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5 COMMENTS
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The Worst Christmas School Production in the World

When I was in fifth grade there was a fifth, sixth, seventh and eighth wide mandatory holiday program. This program counted towards our "fine arts" grade. We had "fine arts", but I still wasn't sure what is was.

I never understood why the school grouped the junior high grades with the lowly fifth graders. The grades from sixth to eighth decided to stay at the elementary school, but the fifth graders had to be there. It was a very strange grouping.
The school had two fifth grade classes, two sixth grade classes, and two seventh and eighth grade (combined) classes. 

They tried to skirt around religious topics by having us depict how Christmas was celebrated all over the world. (They seemed to mostly focus on Europe.) Being a geography nerd as a kid, I should have been all over this, but I wasnt. Maybe I had a sense of what was to come.

For some reason my class got 3 countries; Germany, the Netherlands, and Sweden. All the other classes only had one country. The teacher let us break into groups ourselves and did not assign them. I wanted to be in the Germany group because Im part German, and my friends were in that group. The group of people that made up the Sweden group was all boys. 


I really wanted to be one the narrators. All they had to do was describe what the people were doing in the skit. They got to wear regular clothes. I wasnt picked for that role. One of the narrators the teacher picked had a thick accent. I was involuntary put in the Sweden group because they needed a girl. I think they needed a tall girl. I was the tallest student in my class. 


We made wooden clog props out of paper for the Netherlands skit about Sinterklaas. We had to make a flag for each country.  We also made signs with the name of the country and a picture of a child a boy and a girl depicting the countrys traditional dress.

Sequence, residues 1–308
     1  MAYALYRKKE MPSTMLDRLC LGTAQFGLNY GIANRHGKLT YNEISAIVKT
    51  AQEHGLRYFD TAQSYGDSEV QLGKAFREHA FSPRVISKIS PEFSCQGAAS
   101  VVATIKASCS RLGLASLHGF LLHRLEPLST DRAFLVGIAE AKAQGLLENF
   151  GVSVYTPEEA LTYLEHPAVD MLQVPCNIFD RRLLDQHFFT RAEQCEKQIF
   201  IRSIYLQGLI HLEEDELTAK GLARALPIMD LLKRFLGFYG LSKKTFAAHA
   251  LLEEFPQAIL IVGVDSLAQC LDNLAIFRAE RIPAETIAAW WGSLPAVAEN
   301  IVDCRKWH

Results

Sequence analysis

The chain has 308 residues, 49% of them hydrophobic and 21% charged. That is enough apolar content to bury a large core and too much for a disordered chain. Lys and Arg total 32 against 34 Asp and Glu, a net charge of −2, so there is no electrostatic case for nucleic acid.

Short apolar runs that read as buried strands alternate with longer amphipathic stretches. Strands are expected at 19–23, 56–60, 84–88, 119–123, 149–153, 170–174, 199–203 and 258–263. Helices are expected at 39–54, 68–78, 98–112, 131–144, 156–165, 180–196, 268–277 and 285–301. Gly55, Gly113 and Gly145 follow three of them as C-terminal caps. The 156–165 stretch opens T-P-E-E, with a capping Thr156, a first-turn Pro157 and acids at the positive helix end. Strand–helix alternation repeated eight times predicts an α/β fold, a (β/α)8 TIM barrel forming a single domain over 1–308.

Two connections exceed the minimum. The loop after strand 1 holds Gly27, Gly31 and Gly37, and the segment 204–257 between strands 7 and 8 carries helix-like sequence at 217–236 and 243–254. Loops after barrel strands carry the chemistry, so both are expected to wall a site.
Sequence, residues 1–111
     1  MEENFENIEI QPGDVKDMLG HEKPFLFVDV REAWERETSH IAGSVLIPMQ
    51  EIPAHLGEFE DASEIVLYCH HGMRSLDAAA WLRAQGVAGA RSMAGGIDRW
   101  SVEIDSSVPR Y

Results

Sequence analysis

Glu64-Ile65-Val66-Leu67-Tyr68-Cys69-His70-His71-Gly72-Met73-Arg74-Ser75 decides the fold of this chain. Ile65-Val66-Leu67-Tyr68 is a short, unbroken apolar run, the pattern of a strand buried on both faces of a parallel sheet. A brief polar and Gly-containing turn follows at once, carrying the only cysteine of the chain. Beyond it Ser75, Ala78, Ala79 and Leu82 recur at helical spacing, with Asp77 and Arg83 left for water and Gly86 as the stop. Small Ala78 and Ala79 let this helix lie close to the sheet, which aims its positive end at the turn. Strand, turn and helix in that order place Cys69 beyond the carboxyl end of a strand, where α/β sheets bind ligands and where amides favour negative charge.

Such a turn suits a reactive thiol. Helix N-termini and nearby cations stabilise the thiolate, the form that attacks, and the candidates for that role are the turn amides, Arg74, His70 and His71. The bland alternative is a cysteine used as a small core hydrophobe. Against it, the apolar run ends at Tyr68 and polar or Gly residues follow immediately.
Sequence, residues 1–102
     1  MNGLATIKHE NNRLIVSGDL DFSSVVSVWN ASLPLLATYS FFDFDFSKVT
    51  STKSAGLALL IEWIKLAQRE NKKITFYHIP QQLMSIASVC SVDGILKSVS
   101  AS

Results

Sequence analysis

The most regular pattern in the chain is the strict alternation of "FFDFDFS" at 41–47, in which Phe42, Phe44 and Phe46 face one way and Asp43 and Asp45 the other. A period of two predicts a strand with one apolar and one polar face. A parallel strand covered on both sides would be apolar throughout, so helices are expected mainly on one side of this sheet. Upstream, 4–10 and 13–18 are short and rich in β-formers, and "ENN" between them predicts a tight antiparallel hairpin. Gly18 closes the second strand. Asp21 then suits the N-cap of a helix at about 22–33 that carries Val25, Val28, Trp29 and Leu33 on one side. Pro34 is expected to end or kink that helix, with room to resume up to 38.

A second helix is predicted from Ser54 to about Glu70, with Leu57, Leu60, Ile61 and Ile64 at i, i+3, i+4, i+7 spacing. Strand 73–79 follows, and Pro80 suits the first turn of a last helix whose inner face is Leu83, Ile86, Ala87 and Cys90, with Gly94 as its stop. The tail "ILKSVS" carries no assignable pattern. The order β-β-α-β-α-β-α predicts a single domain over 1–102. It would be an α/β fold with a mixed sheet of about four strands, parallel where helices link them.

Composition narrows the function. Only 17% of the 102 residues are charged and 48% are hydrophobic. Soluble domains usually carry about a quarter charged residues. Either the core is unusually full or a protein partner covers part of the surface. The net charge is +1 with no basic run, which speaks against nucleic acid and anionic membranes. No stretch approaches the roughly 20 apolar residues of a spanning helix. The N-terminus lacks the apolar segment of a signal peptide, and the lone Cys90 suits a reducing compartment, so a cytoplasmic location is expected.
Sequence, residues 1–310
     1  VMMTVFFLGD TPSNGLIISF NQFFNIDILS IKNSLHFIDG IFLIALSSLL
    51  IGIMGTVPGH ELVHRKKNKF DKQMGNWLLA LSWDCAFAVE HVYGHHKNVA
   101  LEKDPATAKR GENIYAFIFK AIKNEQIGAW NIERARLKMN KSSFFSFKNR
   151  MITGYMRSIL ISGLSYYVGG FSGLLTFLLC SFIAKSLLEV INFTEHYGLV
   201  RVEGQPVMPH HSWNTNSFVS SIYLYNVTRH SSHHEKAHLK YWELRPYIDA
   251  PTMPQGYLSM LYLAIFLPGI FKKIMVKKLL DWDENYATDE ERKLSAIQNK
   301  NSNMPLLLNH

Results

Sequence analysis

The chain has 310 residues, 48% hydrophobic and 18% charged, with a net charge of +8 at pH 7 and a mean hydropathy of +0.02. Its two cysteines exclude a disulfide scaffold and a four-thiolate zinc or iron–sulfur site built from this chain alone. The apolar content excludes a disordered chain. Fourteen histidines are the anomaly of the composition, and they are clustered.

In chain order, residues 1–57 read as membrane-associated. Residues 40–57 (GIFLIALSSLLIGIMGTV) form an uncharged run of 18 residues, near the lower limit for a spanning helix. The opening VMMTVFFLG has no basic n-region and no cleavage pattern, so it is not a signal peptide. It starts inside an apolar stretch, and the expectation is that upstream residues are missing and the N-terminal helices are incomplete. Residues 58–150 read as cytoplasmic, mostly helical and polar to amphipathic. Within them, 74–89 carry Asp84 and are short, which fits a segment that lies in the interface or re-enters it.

Our class performed three skits, one for each country, and then sang
The Little Drummer Boy. Im not sure why we also sang. That song really had nothing to do with the skits we performed.


The other fifth grade class got France, and they were really smug about it. All they had to do was sing a Christmas carol in French. They didnt have to wear any complicated costumes; maybe just a beret. Some of them were also calling berets barrettes. They were saying we pronounced it wrong. 

Another grade and class had England. All they had to do was perform a skit about wassailing and sing a song. The bilingual class had Mexico, which was pretty easy for them since the class spoke Spanish and English. They did a skit about piñatas. I forget what countries the other classes had. I think they might have even combined classes to represent a country.  

 

At the end of the program all the classes sang Its Christmas (All over the World) the New Edition version. I wasnt very familiar with that song, but I liked it. I think that was the name of our production too. Im not sure where they got the idea from. Possibly The Simpsons? The song we were singing?

 

My teacher wrote out class skits on the fly. I remember her writing the skit about the origin of the Christmas tree during a rehearsal. This should have been no surprise when she helped write the mandatory spring production on the fly too, but that is another story for another time.